This is a continuation (the dropping of the second show, if you will) of the Wisotzke case; a Rochester Chapter 13 (case #08-21178.) Last August, I posted a blog in the WDNY case notes for 2008 Category about the first decision in this case, 392 B.R. 39 (Bky.W.D.N.Y. 2008), where Rochester Judge John C. Ninfo ruled that in an In Rem tax foreclosure in New York State, the debtor’s interest in the property was extinguished, at the latest, 30 days after the foreclosure order. In this new decision, the court ruled that the debtor’s inheritance interest in the proiperty was never sufficient to claim it as an exempt homestead.
In 2008, Ontario County, NY, had sold the debtor’s residence, worth perhaps $74,000, to satisfy $10,751 in property tax liens. As the Chapter 13 was filed too late to stop the tax sale, the debtor then attempted to avoid the tax sale as constructively fraudulent; that is, that the value of the property greatly exceeded the debt it satisfied.
For a debtor (as oppose to a bankruptcy trustee) to avoid a fraudulent transfer, the property that was transferred must have been exemptible. So the issue in this new decision waqs whether Mr. Wisotzke could have claimed a homestead exemption under NY CPLR 5206 for this property.
The deed to the property was not in the debtor’s name; rather, it had been owned by his father, who died in 2006. The debtor was the residual beneficiary of his father’s estate (that is, the will said something like “and the all the remainder of my property [the residual] I leave to my son”. The house was not specifically bequeathed to the debtor.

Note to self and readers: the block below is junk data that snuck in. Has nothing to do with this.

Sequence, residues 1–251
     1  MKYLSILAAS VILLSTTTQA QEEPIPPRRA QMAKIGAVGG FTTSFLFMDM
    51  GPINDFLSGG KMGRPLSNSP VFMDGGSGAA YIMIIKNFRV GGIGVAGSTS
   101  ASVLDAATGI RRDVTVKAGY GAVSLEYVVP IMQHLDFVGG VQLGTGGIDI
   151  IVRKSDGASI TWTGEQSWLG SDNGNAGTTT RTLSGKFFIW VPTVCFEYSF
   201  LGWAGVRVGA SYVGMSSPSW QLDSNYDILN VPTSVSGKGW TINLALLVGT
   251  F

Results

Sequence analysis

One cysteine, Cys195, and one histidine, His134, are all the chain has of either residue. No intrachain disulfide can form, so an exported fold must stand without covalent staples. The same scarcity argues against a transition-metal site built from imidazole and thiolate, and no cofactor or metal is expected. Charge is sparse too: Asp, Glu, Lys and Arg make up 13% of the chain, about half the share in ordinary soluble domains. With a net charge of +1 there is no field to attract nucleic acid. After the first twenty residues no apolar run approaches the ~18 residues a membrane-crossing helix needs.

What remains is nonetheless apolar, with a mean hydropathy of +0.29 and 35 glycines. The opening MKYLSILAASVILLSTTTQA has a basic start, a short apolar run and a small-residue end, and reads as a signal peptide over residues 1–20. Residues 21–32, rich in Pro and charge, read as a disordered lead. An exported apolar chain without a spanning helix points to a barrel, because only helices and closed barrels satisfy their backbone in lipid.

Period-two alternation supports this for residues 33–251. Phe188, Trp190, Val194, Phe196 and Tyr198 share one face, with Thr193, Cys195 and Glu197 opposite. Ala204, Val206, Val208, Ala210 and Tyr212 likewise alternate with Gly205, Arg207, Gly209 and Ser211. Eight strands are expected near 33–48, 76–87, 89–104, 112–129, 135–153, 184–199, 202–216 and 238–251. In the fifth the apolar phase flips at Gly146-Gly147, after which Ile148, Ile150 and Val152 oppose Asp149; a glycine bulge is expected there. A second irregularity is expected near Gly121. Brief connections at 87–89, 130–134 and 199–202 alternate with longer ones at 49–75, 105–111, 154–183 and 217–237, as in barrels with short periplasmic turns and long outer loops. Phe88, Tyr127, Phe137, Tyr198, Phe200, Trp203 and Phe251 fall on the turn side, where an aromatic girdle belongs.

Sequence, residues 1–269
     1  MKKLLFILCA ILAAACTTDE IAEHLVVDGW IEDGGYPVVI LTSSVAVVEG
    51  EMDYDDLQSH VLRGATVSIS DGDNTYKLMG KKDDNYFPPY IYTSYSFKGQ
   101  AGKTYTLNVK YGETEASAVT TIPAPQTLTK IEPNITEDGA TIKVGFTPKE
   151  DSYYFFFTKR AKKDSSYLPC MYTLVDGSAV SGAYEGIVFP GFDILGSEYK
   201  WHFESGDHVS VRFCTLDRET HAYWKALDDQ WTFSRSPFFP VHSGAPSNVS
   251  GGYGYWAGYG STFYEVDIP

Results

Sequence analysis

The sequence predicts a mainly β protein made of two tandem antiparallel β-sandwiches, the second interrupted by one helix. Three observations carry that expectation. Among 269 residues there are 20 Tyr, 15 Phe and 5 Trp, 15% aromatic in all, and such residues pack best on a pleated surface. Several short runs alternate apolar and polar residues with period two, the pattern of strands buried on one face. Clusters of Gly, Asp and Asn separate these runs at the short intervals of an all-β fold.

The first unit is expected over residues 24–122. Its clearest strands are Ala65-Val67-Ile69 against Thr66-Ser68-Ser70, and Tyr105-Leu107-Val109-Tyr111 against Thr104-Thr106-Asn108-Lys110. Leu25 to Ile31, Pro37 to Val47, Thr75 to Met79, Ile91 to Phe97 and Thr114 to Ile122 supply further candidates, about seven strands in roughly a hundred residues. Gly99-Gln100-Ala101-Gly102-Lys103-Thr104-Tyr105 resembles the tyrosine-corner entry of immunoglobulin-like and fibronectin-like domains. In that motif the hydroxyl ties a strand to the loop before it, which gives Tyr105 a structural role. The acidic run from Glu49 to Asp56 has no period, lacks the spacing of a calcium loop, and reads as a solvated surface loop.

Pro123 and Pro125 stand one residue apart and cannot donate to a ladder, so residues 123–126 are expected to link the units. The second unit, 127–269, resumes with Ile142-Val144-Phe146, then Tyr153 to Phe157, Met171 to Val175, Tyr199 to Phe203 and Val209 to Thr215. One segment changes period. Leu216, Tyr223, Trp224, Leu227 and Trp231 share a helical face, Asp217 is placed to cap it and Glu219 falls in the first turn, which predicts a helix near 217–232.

Judge Ninfo, in this new decision, dated Feb. 4, 2011 (in WDNY Bk. AP #10-02026), has ruled that under New York law the debtor did not have an ownership interest in the property that could be exempted, as the Court interpreted the word “owned” in CPLR 5206. The court cited many factors, such as the failure of the debtor to pay the property taxes or oppose the tax foreclosure, and the failure of the debtor to complete the administration of his father’s estate since 2006. As the father’s estate would be liable for its own bills, it was possible – even likely – that the house would have to be sold by the estate to pay those debts and the debtor would never actually ever come into legal ownership of the property. But a key factor is that the debtor’s inheritance rights were that of the residue of the father’s estate – a residual inheritance – not a direct bequeath. The court concluded that under New York case law, a residual interest in a decedent’s estate is personal property, not real property, and, therefore, cannot be exempted under CPLR 5206.
The Court disagreed with the finding of another New York bankruptcy decision, In Re Martinez, 392 BR 530 (Bankr. EDNY 2008), and distinguished its finding from Connelly v. Roach, 79 BR 159, (Bankr. WDNY 1987.) Any debtor with an inheritance interest in real estate should consult all three decisions.
Note that this case interpreted New York’s homestead exemption. With the new exemption law in effect in New York, allowing use of the federal exemptions, a different result might have occurred if the debtor claimed the federal homestead exemption (the text of the federal exemption differs from CPLR 5206.)